Another nature hotspot in Morgantown is Dorsey’s Knob Park, whose views and scenery are ideal for a tranquil hike or picturesque picnic. This 70-acre park is renowned for its peak named "Sky Rock" overlooking Morgantown, and features a playground, a Sky Rock viewing platform, and a lodge offering overnight stays for up to 16 guests. Downtown Morgantown is also nearby, so the lodge is an excellent gateway, both to the surrounding nature as well as restaurants and nightlife. The Iron Horse Tavern, for example, is a great nearby gastropub to checkout, offering New American cuisine, refreshing cocktails and beers, and an inviting atmosphere.


Sandstone Falls on the New River at New River Gorge National Park and Preserve during the Autumn leaf color change near Hinton, West Virginia.
Sandstone Falls on the New River at New River Gorge National Park and Preserve near Hinton, West Virginia.

Bordering the southern edge of New River Gorge National Park and Reserve, you will find the charming town of Hinton. Historically thriving as a railroad town, today, Hinton is beloved for its preservation of the town’s history, as well as its abundance of natural beauty. Nestled on a bluff overlooking New River, you can find Hinton’s downtown Historic District, whose incredible preservation of historical buildings (with a variety of architectural styles, ranging from American Gothic to High Victorian) earned it a spot on the National Register of Historic Places. History lovers and architecture enthusiasts can transport themselves back in time by strolling the town’s streets with the help of a free (upon-request) Walking Tour Brochure, available online. 

Hinton’s myriad of breathtaking natural sights is yet another one of the town’s charms, and New River Gorge National River Park and Reserve is definitely a crowd favorite during the summer. With over 70,000 acres of nature following 53 miles of the rushing whitewater river, visitors can explore the magnificent canyons by foot or adventure the water with whitewater rafting. Within the park, you can also find gems like Sandstone Falls, an awe-inspiring 1,500-foot wide waterfall lining New River, offering an unbelievable backdrop for wading or swimming in this popular swimming hole.

Berkeley Springs

Apple Butter Festival Booths in Historic Downtown Berkeley Springs, Morgan County WV
Apple Butter Festival Booths in Historic Downtown Berkeley Springs, Morgan County, West Virginia.

Famous for its quaint, storybook beauty and rejuvenating mineral springs, the town of Berkeley Springs is a West Virginia paradise for those looking for a magical summer getaway. In addition to its adorable inns, the community is also a popular cottage town, with Berkeley Springs Cottage Rentals offering a variety of accommodations, ranging from cozy cabins to a rustic farmhouse. Places like Fairview Farm, a vintage accommodation with modern comforts in the picturesque countryside, offers a gateway to nature, a short distance from the Potomac River, and a drive to the Cacapon River (famous for its supposed healing waters). Fairview Farm is just one of the many incredible accommodations surrounded by the glorious nature of Berkeley Springs.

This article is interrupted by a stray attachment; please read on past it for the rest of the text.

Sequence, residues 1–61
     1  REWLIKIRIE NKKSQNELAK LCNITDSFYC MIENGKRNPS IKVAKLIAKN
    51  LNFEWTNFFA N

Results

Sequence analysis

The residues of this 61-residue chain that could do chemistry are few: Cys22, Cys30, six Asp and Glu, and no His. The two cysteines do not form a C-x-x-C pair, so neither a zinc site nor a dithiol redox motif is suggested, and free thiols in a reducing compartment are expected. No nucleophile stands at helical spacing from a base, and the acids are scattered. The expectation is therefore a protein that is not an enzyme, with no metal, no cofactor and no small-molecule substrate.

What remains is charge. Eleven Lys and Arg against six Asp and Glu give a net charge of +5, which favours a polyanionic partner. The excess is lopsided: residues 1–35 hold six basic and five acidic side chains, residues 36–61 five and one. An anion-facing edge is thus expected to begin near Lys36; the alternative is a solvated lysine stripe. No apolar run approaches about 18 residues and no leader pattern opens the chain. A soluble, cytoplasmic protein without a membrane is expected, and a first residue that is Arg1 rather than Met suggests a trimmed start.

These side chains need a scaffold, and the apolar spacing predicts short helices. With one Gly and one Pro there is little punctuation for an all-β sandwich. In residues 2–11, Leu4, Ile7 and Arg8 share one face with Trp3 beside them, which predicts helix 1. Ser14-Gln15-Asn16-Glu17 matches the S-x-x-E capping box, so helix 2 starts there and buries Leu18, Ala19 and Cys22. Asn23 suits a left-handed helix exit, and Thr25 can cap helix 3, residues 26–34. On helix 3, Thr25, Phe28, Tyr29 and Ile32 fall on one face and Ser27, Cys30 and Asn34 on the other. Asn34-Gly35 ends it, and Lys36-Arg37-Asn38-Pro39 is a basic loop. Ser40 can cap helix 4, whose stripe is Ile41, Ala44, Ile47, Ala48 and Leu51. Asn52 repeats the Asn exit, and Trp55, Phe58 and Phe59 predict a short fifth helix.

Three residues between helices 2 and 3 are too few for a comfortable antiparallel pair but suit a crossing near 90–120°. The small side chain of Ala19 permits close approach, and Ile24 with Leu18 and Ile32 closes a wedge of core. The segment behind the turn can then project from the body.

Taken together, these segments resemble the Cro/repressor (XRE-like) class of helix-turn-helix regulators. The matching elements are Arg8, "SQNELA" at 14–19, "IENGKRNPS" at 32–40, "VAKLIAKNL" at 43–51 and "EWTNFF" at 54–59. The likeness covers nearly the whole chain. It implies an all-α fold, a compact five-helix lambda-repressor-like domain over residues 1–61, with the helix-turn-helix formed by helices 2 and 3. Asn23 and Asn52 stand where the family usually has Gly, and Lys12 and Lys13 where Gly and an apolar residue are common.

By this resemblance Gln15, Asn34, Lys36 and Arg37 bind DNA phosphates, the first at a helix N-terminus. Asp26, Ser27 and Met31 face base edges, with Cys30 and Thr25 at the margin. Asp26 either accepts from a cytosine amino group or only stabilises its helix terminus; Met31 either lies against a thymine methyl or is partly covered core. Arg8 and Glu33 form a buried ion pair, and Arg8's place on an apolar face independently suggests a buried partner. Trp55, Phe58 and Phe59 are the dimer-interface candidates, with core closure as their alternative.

But a visit to this heavenly town is incomplete without a visit to Berkeley Springs State Park, whose mineral spas were actively used by settlers in the 1700s and by Native Americans long before that. Visited by George Washington himself, these waters were renowned for their rejuvenating and healing properties, and today visitors can enjoy a range of traditional and contemporary spa services, including a dip in their lavish whirlpool. 


The picturesque Glade Creek Grist Mill in summer in Babcock State Park near Fayetteville, in the Applalachian Mountains of West Virginia.
Glade Creek Grist Mill in summer in Babcock State Park near Fayetteville, in the Appalachian Mountains of West Virginia.

Referred to by many as the "Gateway to the New River Gorge," Fayetteville is another town bordering the magnificent New River Gorge National Park and Preserve, making it an excellent summer destination for those looking to participate in a range of water and land recreation. Along with spectacular views from the New River Gorge Bridge (once the longest steel-arch bridge in the world), the park offers a plethora of other outdoor adventures, including hiking, rock climbing, whitewater rafting, fishing, and so much more. 

Downtown Fayetteville offers its own excitement as well, with historic architecture and a guided walking tour of structures along the Civil War Trail, as well as the town’s 75 historic homes. Shopping and dining are also popular pastimes, with adorable antique shops like The Hobbit Hole, and restaurants like Pies and Pints, a mouthwatering pizzeria with unique specialty toppings.

Whether you are looking to travel in West Virginia for a blissful day trip, an enchanting weekend, or an even longer serene stay, these small towns offer a range of opportunities and attractions to keep any traveler busy and content. From the state’s awe-inspiring mountains to its incredible mineral springs, West Virginia invites you to sample and adventure through its unique natural settings. With the added perk of comfortable lodgings, warm locals, and incredible historical attractions, these small towns are an excellent home base for your next vacation this summer.